Local farmers’ engagement and contributions are increasingly underscored in resources restoration policy. Yet, empirical context-situated understanding of the environmental impacts of farmer-led restoration remains scant. Using six Agent-based Modeling (ABM) simulations that integrate multi-type data, we explore the potential spatial-temporal aggregate patterns and outcomes of local restoration actions in Central Malawi. Findings uncover a 10-year positive trend and spatially explicit potential restoration extent and intensity, greenness, and land productivity, all varying by farmer’s participation level. Landscape regreening is modestly promising with fluctuating greenness levels and low, slightly incremental, then steady land-productivity levels. Findings also show appropriate incentives, restoration knowledge, and inspiring local leadership as propitious management options for boosting local restoration. Bundling these enabling management and policy options would maximize local restoration. Findings suggest empowering bottom-up restoration efforts for enhanced environmental impacts. We also demonstrate the potential of using ABM to offer insights for spatially targeted, evidence-based restoration policy implementation and monitoring.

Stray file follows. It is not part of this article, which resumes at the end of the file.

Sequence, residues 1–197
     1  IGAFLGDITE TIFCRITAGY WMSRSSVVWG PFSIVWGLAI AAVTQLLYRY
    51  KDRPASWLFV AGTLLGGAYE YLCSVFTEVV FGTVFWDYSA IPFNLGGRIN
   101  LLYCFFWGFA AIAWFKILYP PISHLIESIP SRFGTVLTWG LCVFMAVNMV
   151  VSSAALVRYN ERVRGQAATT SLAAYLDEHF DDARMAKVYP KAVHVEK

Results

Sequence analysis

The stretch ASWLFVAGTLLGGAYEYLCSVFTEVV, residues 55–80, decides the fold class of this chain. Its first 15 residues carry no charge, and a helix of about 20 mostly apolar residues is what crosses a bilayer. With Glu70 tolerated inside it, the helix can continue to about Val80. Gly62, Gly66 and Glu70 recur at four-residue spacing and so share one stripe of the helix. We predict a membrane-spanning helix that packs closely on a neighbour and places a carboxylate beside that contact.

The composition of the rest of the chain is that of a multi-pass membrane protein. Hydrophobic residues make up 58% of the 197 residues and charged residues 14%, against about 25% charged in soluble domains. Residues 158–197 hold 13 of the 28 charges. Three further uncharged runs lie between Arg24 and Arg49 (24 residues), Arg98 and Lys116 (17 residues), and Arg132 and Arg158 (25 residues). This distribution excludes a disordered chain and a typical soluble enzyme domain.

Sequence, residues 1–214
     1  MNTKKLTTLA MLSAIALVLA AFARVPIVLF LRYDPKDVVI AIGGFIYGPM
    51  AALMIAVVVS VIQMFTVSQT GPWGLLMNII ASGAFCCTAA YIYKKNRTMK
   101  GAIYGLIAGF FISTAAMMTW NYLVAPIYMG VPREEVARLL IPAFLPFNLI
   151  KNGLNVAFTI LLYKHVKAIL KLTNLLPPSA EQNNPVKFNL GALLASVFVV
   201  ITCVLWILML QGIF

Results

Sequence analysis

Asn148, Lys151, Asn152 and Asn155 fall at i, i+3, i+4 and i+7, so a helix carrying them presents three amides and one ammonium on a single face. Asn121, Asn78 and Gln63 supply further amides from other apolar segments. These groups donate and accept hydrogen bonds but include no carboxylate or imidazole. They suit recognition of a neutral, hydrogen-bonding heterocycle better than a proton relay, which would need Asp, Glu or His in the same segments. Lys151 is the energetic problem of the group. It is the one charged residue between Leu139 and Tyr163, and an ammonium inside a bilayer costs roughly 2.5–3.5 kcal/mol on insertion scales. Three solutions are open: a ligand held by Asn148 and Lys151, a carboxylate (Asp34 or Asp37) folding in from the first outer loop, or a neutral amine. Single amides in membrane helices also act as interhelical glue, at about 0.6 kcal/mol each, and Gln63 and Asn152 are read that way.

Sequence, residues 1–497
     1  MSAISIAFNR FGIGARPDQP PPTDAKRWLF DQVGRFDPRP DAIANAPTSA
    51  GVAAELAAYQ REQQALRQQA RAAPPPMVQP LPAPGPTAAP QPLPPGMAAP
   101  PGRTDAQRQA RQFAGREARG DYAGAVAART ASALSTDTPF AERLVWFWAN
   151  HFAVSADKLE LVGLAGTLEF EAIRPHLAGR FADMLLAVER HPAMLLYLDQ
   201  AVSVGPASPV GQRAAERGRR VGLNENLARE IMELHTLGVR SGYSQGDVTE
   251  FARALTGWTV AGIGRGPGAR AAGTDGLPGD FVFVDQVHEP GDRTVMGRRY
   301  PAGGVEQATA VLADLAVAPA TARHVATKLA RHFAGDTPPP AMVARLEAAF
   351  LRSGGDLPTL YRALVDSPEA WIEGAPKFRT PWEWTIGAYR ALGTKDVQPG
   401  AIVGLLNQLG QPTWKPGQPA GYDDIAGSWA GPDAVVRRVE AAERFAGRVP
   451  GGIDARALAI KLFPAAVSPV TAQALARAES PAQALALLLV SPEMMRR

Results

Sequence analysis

All Science Journal Classification (ASJC) codes
- Geography, Planning and Development
- Earth-Surface Processes
- Management, Monitoring, Policy and Law